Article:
A few years ago, I helped drive a panel truck filled with a dozen heavy Omaha sculptures to a gallery in SoHo. My traveling companion was Lee Lubbers, a sculptor and Jesuit priest at Creighton University.
His medium at the time was recycled boxcar axles. He heated them in a huge furnace owned by the Union Pacific Railroad and then, using a giant hydraulic anvil, forged them into a modern steel menhir that weighed three-quarters of a ton and was about 11 and a half feet tall. from above.
We were assured twice before leaving for New York that the gallery had a 12 foot ceiling.
After arriving on a cold, gray afternoon, we unloaded the first of the sculptures and tried to erect it, only to find that the gallery’s 12ft ceiling had apparently shrunk to around 11ft.
We retired to a nearby store to discuss our options over coffee. There was only one other person, a woman, there, and she obviously hadn’t been served yet. She sat down at a small table, seemingly unable to get the attention of the man serving us.
After continuing to ignore her for a while, he finally looked at her.
“What’s wrong?” he said in an annoyed tone.
“I don’t feel well,” replied the woman.
“When you’re not feeling well,” he said after a pause, “you go to the doctor, not the deli.”
“I just got out of the doctor,” she said.
“What did the doctor say?”
“He said go down to the deli and get yourself a cup of tea.”
—Michael M. Dorcy
It was a beautiful spring day in April 1971 and “cutting day” at my high school in New Jersey. It was my senior year, and four of my girlfriends and I decided to go to New York to do some shopping. It was only a 50 minute drive and we couldn’t wait to get to Bloomingdale’s.
When we arrived at the store, we immediately hopped on an escalator to the junior department on the second floor.
Halfway we heard a familiar voice and saw a friend’s mother coming down the descending escalator. She waved at us and smiled.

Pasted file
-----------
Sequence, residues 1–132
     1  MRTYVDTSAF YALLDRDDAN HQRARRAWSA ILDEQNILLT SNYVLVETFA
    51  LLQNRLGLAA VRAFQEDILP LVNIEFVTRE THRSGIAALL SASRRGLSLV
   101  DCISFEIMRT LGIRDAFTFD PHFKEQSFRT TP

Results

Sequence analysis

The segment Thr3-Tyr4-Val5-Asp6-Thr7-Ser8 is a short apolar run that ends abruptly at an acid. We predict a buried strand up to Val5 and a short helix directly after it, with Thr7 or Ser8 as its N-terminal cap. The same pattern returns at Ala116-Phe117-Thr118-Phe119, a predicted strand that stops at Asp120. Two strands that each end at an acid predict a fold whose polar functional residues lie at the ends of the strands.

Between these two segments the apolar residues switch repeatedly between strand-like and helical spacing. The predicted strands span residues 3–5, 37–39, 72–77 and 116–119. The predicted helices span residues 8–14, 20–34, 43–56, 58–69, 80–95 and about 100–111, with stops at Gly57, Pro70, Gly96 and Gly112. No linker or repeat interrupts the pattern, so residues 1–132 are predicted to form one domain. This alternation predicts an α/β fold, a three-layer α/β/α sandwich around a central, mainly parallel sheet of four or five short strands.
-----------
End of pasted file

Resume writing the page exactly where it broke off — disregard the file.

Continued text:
“Oh, hello, girls,” she cried, “we’ll talk tonight.”
My husband, son and I were on a Q train from Brooklyn to Manhattan. The car was quite crowded and we had to stand near one of the poles.
A young girl who was sitting next to her father leaned over to him. She must have been about 8 years old.
“This train is really old,” I heard him whisper in his ear.
A young man of about 22 with hair dyed bright yellow stood nearby.
“I’m sorry to interrupt you,” he said, “I couldn’t help but overhear. But did you know that they started making this train when my grandfather was a boy? »
The other passengers started smiling.
“And now they throw them in the ocean when they’re done with them,” the young man added.
“Yeah,” someone else said. “They grow reefs there!”
People started nodding their heads in agreement.
“Your hair is golden!” an older woman shouted at the younger man.
“My friends and I had a little too much fun last night and that’s what happened,” he said. “My mother is going to kill me.”
“Well, I think you look brave,” the older woman said.
— Suzanne Pettypiece
Parking all night
One evening, after searching for parking in Washington Heights for almost an hour, I reluctantly decided to put my car in a garage.
Upon finding one, I asked the attendant if they had picked up any cars overnight.
Yes, he said, for $40.
As I rummaged through my wallet, the attendant waved at me, then pointed to a car parked in a spot just outside the garage entrance.
Even though he didn’t speak English very well and I didn’t really understand what he was saying, I realized that the car he was pointing at was his. It soon became clear that he was offering me his seat instead – for $25 cash.
A few minutes later, I was happily walking to my destination, and he was enjoying the fruits of an enterprising approach to solving my parking problem.
Back when the area of Lower Manhattan where the World Trade Center was located was known as Radio Row, I went there to buy a platinum cartridge.
I went to a store that was usually my first stop and offered a $90 price tag. I then went to a second store, where I was quoted a price of $75 but was told the cartridges were out of stock.
Back at the first store, I asked the salesman if he would accept his rival’s price.
“Why didn’t you buy it there?” He asked.
“They were out of stock,” he said.
“OK,” he said, “so we’re also out of stock and the price is $65.”
Illustrations by Agnes Lee